With regard to the strife and war which Satan is said to wage with God, it must be understood with this qualification, that Satan cannot possibly do anything against the will and consent of God. For we read in the history of Job, that Satan appears in the presence of God to receive his commands, and dares not proceed to execute any enterprise until he is authorised. In the same way, when Ahab was to be deceived, he undertook to be a lying spirit in the mouth of all the prophets; and on being commissioned by the Lord, proceeds to do so. For this reason, also, the spirit which tormented Saul is said to be an evil spirit from the Lord, because he was, as it were, the scourge by which the misdeeds of the wicked king were punished. In another place it is said that the plagues of Egypt were inflicted by God through the instrumentality of wicked angels. In conformity with these particular examples, Paul declares generally that unbelievers are blinded by God, though he had previously described it as the doing of Satan[8]. It is evident, therefore, that Satan is under the power of God, and is so ruled by his authority, that he must yield obedience to it. Moreover, though we say that Satan resists God, and does works at variance with His works, we at the same time maintain that this contrariety and opposition depend on the permission of God. I now speak not of Satan’s will and endeavour, but only of the result. For the disposition of the devil being wicked, he has no inclination whatever to obey the divine will, but, on the contrary, is wholly bent on contumacy and rebellion. This much, therefore, he has of himself, and his own iniquity, that he eagerly, and of set purpose, opposes God, aiming at those things which he deems most contrary to the will of God. But as God holds him bound and fettered by the curb of his power, he executes those things only for which permission has been given him, and thus, however unwilling, obeys his Creator, being forced, whenever he is required, to do Him service.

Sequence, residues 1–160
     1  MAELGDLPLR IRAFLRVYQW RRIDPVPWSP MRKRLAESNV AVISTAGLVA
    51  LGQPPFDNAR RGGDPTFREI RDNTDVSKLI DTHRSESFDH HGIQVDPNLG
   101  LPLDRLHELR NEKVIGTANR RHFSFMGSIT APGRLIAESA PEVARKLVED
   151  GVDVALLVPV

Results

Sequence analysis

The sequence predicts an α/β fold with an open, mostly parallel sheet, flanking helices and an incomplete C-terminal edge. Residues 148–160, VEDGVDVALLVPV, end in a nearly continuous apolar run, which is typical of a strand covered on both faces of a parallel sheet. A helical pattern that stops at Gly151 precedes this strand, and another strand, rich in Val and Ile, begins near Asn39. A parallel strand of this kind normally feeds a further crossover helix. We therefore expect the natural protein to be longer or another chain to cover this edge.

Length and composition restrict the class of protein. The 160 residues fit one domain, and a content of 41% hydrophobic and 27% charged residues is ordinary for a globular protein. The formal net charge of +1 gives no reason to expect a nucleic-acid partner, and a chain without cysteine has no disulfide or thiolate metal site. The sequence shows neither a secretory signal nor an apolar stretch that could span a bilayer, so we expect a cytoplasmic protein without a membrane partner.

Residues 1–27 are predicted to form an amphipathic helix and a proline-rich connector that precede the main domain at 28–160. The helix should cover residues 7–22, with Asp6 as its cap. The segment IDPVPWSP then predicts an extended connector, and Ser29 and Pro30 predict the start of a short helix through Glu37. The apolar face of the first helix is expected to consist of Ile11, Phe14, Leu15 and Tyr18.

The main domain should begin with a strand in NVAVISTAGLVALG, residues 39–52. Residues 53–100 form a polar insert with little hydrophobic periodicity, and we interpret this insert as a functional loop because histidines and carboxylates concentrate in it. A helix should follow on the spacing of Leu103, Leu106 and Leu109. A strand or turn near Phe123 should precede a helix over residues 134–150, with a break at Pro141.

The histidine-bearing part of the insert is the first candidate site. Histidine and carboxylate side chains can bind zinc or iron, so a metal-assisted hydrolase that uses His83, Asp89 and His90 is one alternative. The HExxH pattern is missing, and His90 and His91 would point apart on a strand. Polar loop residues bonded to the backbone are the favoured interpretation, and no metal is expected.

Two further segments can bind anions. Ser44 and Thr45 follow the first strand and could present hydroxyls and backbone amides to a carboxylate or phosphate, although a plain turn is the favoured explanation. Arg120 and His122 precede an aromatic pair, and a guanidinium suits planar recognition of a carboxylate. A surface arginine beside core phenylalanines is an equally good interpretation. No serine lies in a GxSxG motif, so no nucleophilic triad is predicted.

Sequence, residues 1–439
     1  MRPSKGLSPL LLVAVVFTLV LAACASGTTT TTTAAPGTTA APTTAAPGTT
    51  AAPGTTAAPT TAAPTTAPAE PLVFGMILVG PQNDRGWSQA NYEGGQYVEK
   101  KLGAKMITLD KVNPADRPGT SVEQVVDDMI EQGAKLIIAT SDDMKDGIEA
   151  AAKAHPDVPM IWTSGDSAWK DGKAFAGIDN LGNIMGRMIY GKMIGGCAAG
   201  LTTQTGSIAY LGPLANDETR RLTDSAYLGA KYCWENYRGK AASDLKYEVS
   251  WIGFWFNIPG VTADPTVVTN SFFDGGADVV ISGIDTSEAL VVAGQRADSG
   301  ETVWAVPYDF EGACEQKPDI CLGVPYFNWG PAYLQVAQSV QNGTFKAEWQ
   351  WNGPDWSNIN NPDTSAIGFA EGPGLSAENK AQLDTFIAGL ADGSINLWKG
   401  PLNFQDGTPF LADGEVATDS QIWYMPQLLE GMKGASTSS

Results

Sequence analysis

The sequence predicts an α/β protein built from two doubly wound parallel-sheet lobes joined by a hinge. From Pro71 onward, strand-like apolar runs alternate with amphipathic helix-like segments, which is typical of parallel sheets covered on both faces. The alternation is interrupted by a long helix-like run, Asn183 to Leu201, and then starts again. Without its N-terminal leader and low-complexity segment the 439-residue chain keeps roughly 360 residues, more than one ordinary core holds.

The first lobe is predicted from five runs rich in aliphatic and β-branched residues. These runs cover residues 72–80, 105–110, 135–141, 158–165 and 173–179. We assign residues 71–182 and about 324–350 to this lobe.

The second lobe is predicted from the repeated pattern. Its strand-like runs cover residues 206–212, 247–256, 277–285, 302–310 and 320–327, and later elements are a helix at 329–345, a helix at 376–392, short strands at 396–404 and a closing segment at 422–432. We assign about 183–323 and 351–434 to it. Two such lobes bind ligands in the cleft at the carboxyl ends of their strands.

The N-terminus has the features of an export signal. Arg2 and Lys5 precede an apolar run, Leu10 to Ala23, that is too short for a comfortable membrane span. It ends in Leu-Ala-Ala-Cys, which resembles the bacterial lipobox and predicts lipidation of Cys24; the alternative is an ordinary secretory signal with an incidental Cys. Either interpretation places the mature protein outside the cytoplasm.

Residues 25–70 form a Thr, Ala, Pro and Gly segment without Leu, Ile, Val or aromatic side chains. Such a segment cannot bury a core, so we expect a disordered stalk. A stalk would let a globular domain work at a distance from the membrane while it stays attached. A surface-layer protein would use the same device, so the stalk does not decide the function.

Section 18. God so overrules wicked spirits as to permit them to try the faithful, and rule over the wicked.